Daily entries from the 17th century London diary
Autumnbreeze Movies has posted 7 annotations/comments since 22 April 2014.
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About Friday 17 January 1667/68
The story of the romance between Anna Talbot and George Villiers continues, retold after Pope: on the day of the duel, the Countess trembled all morning for her gallant, who afterwards 'slept' with her in his bloodied shirt. The romance lived on and much later on, when the Duke of Buckingham brought his mistress to live with him, his indignant wife, the Duchess, told him that she and Talbot couldn't live in the same house. "So I thought, Madam, and have therefore ordered the horses to convey you to your father", the Duke replied. But the Duchess appears to have stayed. Talbot and Villiers had an illegitimate son. Their affair was finally broken off in 1673 and the countess went to France to spent time in a convent. She afterwards returned to England and remarried.
Duels were fought not so much to kill the offending opponent, though that often happened, as to gain "satisfaction", that is, to restore one's honour by demonstrating a willingness to risk one's life for it. The person who felt offended could signal the demand to fight for honour with an obviously insulting gesture, such as throwing his glove before the offender (throw down the gauntlet).
Each party named trusted representatives ("seconds") who would determined a suitable "field of honour", an isolated secret place to avoid detection by authorities, check that the weapons were equal and that the duel was fair. In the 16th and early part of 17th centuries, it was normal for the seconds also to fight each other. Later, the seconds only made sure that rules were followed and tried to reconcile the duellers ... but not everywhere; the Irish code in 1777 still allowed the seconds an option to exchange shots. Lord Shrewsbury must have asked his kinsman, Sir John Talbot (of Lacock Abbey, Wiltshire, Long Acre, Westminster, and Salwarpe, Worcestershire, MP), to second in the duel. He probably also asked Bernard Howard, a son of the Earl of Arundel, or maybe Sir John asked him. Both seconds survived the fight and Sir John fought for James II in the Monmouth rebellion (1685), after which he had a military career and continued as MP; he died in 1714. However, one of Villiers's seconds, Capt. William Jenkins was killed on the spot ... perhaps by the soldierly Sir John?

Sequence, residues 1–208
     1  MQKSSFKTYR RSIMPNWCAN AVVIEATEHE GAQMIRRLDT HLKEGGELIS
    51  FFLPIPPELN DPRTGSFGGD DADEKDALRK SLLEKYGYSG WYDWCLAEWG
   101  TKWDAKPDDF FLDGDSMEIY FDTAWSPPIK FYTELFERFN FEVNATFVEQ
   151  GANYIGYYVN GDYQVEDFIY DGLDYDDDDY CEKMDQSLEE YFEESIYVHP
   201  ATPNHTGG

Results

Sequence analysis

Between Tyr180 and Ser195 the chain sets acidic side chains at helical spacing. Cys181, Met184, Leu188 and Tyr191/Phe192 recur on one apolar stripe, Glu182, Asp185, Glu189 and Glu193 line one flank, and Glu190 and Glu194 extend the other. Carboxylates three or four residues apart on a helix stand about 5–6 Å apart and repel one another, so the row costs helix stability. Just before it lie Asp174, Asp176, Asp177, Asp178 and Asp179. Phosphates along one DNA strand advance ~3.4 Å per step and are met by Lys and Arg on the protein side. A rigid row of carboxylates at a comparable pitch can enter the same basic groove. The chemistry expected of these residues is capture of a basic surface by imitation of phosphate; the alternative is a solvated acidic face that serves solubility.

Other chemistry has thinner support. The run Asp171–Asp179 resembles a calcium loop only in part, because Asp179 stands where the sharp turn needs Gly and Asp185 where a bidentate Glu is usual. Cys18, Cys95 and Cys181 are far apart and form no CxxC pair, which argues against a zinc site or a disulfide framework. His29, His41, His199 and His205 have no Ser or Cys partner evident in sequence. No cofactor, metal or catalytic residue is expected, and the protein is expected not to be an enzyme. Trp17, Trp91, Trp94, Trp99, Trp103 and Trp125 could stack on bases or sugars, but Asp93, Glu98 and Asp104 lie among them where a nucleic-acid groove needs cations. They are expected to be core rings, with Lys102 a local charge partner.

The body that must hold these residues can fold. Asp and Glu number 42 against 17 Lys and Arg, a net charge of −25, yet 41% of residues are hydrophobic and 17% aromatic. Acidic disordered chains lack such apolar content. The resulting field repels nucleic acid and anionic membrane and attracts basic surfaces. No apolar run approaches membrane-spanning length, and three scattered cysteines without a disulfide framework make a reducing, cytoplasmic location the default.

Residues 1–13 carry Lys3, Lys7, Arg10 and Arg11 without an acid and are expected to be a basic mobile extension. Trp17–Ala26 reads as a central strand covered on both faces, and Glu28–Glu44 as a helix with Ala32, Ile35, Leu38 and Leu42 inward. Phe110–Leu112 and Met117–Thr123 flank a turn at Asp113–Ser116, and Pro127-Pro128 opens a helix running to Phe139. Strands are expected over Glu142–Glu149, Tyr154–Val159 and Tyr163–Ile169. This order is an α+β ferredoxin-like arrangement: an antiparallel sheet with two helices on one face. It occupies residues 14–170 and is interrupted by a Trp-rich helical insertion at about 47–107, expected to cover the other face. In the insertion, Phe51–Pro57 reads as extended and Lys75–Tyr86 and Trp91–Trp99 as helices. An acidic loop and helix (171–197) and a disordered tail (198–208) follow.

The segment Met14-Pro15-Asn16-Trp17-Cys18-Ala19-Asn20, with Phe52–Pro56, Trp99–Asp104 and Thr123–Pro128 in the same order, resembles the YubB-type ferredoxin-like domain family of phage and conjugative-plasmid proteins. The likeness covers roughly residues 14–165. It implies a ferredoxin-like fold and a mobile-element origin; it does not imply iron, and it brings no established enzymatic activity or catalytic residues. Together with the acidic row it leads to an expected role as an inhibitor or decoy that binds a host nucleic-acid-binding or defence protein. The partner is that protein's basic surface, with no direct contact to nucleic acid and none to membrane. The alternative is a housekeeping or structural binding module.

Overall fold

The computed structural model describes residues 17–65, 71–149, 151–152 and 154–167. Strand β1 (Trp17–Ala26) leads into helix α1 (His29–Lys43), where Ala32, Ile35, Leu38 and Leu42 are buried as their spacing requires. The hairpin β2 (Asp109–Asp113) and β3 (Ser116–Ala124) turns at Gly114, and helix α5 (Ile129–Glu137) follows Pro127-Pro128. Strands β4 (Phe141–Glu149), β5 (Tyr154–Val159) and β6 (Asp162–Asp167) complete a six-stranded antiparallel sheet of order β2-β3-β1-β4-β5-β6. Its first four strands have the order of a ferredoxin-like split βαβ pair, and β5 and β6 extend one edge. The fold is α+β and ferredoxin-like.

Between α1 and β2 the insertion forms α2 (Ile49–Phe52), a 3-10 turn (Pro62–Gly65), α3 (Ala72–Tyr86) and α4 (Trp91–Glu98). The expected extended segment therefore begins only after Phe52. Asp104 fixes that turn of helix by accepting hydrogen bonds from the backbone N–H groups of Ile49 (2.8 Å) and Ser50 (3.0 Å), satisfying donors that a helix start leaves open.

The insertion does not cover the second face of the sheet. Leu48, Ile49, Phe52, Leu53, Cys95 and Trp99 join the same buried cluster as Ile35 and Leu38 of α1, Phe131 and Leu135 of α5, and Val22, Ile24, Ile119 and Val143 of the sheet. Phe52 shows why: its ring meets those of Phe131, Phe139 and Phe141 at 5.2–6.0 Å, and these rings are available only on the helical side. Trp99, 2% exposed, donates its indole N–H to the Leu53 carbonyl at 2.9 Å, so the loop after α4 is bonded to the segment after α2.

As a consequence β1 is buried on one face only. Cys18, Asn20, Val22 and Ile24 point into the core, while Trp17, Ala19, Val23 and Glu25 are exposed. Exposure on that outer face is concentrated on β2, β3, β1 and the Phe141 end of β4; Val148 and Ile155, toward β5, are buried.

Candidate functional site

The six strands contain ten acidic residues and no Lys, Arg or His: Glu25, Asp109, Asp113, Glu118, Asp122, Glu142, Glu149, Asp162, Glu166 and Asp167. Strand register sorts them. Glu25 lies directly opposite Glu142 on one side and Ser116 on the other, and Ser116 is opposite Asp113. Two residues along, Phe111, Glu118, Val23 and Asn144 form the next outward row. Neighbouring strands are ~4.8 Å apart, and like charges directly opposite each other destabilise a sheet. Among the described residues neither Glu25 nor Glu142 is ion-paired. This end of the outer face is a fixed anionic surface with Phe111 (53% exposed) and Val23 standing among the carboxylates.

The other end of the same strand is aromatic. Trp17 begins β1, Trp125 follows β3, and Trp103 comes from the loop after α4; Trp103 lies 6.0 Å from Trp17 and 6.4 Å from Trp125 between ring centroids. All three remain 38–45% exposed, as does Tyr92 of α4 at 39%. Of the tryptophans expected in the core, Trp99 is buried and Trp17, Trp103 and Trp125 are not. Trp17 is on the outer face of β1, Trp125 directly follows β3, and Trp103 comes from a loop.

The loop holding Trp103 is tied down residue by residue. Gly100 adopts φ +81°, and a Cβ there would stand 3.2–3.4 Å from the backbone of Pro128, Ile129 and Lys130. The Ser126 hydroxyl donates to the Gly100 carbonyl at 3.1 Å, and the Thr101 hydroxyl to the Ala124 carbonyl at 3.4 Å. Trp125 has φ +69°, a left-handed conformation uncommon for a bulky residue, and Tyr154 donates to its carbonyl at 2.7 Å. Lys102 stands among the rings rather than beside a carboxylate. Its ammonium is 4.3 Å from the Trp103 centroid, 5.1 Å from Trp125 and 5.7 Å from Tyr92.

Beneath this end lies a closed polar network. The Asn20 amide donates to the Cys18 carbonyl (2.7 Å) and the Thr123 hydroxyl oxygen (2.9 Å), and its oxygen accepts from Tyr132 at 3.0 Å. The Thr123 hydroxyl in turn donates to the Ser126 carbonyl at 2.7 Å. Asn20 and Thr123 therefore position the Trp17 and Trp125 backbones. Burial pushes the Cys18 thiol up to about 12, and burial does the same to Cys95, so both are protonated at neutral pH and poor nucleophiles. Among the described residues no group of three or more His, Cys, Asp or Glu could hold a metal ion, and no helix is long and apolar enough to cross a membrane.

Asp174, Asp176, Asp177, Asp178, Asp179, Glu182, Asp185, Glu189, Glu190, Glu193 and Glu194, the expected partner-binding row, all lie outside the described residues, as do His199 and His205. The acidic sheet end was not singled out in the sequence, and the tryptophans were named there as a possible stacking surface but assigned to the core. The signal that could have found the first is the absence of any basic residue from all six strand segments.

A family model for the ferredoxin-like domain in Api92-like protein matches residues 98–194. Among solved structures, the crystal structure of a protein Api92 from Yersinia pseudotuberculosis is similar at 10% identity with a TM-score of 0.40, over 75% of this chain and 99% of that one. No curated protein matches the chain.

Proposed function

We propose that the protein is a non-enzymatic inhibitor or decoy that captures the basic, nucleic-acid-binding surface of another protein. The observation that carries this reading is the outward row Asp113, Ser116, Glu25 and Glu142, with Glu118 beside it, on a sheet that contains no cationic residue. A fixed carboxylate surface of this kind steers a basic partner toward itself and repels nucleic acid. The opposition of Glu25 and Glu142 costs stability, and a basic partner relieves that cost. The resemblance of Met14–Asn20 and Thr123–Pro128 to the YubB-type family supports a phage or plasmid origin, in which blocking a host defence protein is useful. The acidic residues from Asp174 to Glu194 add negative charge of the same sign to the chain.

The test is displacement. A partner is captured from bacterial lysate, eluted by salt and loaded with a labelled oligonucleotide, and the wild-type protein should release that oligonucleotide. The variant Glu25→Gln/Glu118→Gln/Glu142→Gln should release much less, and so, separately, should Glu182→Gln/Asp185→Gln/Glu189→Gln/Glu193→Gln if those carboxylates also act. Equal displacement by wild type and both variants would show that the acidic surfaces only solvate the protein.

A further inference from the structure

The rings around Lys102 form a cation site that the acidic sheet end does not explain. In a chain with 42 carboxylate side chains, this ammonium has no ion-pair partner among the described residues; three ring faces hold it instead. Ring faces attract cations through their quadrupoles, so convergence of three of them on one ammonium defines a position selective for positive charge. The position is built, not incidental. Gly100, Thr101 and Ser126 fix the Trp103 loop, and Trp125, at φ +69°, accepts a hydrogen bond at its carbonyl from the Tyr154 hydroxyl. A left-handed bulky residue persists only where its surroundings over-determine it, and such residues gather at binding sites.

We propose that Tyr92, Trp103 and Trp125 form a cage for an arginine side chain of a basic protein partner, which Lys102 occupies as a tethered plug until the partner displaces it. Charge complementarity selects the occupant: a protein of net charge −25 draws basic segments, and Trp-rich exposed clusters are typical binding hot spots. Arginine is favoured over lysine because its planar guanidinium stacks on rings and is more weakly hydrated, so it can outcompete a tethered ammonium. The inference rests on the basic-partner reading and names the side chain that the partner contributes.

About Saturday 7 January 1659/60
In Central and Eastern Europe cabbage and cucumbers are fermented in salt and eaten through winter. They are very nutritious.
Cabbage stores very well. I think turnips and swedes do too, as do beetroot and carrots. The Spanish introduced potatoes to Europe in the second half of the 16th century, so they probably ate them in Sam's London and potatoes are rich in vitamin C. I wonder if vegetables were pickled at that time?
David Gurliacci, thanks for the interesting thread on the work Pepys may have been doing for E. Montagu and all the complicated and intertwining possibilities of intentions the other parties may have had. It really opens up this short diary entry.
About Sunday 1 January 1659/60
I've been reading the diary for many months now and, after initially feeling bewildered in the 17th century world of daily events, common phrases and puzzling encounters with people great and small, have arrived at the date of 10 November 1667, the second half of my reading done on this site (the first, on my Kindle). Thanks to this website, my understanding of Pepys's London soared; I now feel at home in his world, and very involved in its joys and troubles. I've also become aware that when I began to read the entries, I was so overwhelmed that I missed a lot as there were no annotations or explanations on the Kindle (I did a bit of researching myself, discovered a few things, and as I was doing this stumbled upon this wonderful website). So now I'm reading the first entries again, and the annotations, to make up for my loss. Thank you, Phil, and everybody who contributed to it!
About William Symons
an underclerk at the Council of State (until early 1660)